Talk of solving this problem with gondolas began around the turn of the century, and it’s now been almost a decade since that first high-wire line was opened in August 2004. At that moment, Medellín became the world’s first city to have a gondola system integrated into its wider mass transit network. Since then it has added two more lines, opened in 2008 and 2010, and their palpable successes have garnered interest from press and city governments worldwide.
Among the system’s many benefits has been a decline in the crime that blights the city’s poorest zones. By the time the first line was opened, Medellín was already shaking off its reputation as the world’s most violent city, registering a 40 percent drop in homicides between 2002 and 2003. In 2004 that downward trend continued, and studies have since shown the direct contribution of the gondolas. In “intervention” areas served by the gondolas between 2003 and 2008, there was an 84 percent reduction in the homicide rate. The security infrastructure that accompanies the lines, which includes guards and lighting, has also reduced common crimes and property theft.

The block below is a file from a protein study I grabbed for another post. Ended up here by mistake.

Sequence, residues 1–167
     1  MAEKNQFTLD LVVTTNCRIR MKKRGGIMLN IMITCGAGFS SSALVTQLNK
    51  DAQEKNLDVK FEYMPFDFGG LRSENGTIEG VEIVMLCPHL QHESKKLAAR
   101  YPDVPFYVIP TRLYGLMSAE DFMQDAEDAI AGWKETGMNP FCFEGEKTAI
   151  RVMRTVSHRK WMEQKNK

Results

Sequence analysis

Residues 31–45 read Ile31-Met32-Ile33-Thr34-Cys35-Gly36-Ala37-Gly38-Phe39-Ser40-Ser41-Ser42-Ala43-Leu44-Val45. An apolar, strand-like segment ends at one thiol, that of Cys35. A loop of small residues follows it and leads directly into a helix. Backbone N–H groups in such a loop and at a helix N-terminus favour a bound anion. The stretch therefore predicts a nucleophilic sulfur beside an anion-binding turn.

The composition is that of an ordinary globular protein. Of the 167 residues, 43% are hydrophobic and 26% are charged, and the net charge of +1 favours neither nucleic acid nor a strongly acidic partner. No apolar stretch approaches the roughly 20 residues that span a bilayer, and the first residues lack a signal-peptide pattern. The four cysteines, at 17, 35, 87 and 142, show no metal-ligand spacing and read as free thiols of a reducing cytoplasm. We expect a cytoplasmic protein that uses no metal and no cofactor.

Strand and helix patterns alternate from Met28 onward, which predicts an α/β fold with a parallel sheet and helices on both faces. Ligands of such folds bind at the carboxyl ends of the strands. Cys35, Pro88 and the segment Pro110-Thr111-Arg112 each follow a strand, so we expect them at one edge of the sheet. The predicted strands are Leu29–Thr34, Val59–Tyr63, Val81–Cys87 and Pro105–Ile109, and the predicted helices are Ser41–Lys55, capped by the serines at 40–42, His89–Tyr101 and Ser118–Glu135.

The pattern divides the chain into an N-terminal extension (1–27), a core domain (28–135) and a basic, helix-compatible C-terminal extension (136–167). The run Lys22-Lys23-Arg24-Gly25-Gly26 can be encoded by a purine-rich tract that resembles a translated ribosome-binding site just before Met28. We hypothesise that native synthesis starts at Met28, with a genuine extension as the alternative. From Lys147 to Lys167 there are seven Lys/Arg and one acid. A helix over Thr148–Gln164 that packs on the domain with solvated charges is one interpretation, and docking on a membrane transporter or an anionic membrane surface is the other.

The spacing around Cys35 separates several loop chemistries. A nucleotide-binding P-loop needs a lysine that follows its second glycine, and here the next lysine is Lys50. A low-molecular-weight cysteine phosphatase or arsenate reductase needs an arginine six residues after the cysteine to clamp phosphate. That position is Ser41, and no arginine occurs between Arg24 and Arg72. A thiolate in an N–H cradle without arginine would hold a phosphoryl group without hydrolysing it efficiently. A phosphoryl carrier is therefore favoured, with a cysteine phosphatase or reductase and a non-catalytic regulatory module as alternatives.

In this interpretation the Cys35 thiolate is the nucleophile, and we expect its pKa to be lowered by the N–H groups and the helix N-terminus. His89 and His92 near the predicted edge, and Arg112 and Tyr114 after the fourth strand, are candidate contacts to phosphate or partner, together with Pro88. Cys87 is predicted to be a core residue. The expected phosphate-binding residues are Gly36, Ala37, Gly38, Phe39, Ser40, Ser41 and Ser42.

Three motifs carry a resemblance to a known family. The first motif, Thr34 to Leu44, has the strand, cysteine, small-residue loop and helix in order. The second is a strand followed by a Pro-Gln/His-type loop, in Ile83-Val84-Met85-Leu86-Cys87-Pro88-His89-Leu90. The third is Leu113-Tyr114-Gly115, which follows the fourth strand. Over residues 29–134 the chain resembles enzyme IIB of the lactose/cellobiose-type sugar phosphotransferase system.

The gondola reportedly saves its users up to 50,000 pesos ($26) a month in travel costs. In a city where most informal workers do not even earn the monthly minimum wage of 589,500 pesos ($313), this is a significant amount of money. For Governor of Antioquia Dr. Sergio Fajardo, who was mayor when the first gondola line opened, the reduced travel time – with the journey from Santo Domingo to the center now taking around 30 minutes – is as crucial to the enrichment of peoples’ lives as the money being saved. Sports facilities, education parks and libraries built around the stations also promote social inclusion among young people and have been credited with aiding in crime reduction.
“This area has changed 100 percent,” says Nelson Alzate, who has sold fruit outside the Santo Domingo gondola station for the past three years. “It used to be violent, but the line has brought all this,” he says, gesturing to the buzz of people shopping and socializing outside the station. “Now this area is full of workers and families and people trying to make a life.”